SHEEHAN: No, it’s not an adaptation, it’s an original idea by Rob Williams. Rob, our writer, is fascinated by the criminal justice process. And he’s worked in prisons, he’s taught in prisons, and he’s just very, very interested in concepts of punishment, particularly concepts around where the criminal justice system may fail victims of crime, and whether there are other ways, particularly of restorative justice.

Kelly MacDonald in THE VICTIM | ©2019 Britbox

Kelly MacDonald in THE VICTIM | ©2019 Britbox

AX: Anna is caught up in grief over her dead son. How well is she dealing with the fact that she does have two remaining young children?

MACDONALD: Not at all well. She’s on the surface a good parent. She’s loving, she’s there, but she’s never processed her grief, and she’s got stuck in that anger stage. She’s a desperate woman. She desperate for her pain to end, for justice to be served, and she feels like everybody failed her, and her dead son. And it starts to play havoc in her life in a wee bit. The action she takes has this devastating effect on everybody around her. It’s the domino effect on so many other people.

SHEEHAN: She’s such a victim of trauma and anxiety, in terms of her heightened protectiveness, that actually, for her remaining children –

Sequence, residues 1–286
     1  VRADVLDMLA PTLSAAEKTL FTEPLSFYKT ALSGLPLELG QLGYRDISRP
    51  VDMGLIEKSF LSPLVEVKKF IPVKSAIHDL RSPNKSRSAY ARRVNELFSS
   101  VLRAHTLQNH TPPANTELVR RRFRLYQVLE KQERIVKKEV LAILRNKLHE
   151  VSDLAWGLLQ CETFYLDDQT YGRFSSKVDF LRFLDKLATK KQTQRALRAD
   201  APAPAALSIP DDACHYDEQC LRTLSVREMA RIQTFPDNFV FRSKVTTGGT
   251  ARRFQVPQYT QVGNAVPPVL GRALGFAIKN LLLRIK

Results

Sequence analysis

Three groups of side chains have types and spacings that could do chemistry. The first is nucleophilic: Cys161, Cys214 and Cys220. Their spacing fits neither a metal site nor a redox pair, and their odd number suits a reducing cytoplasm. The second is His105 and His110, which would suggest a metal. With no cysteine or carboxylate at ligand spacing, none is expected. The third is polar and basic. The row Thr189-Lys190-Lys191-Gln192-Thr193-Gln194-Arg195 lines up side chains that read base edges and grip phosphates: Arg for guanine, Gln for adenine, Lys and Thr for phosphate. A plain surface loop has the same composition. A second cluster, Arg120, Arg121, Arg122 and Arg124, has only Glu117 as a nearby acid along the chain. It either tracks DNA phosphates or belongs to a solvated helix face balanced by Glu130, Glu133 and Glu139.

MACDONALD: She’s so damaged, she’s been very damaging.

AX: So she’s protective, but not perhaps as nurturing as she might be?

SHEEHAN: I think she is really nurturing, but she’s so protective, particularly of the young son, that it’s sort of damaging. And I guess, as any victim of trauma, that sense of anxiety – she’s also frozen in her grief, and she’s frozen in her anger. So although she’s enormously angry, and you see it at points when she really does lose it, she’s also steely in her quest for justice.

AX: A lot of people know you from BOARDWALK EMPIRE, where you’re playing an Irish character, and other things where you’re playing non-Scots. As you are Scottish, and THE VICTIM is set and made in Scotland, when this came up, were you looking to work in Scotland, is it a relief to work in Scotland …?

MACDONALD: I wasn’t actually looking for something set in Scotland. I work more from London, really, so it was an appealing thought, the fact that I could be in my own home while we were shooting. The best part about that was, usually when I’m filming, say, in London, on days off, they’re my travel days. I travel back home, and so I don’t get to really rest on those days. So my days off on this job were actually …

SHEEHAN: Just a taxi.

MACDONALD: [laughs] Yeah.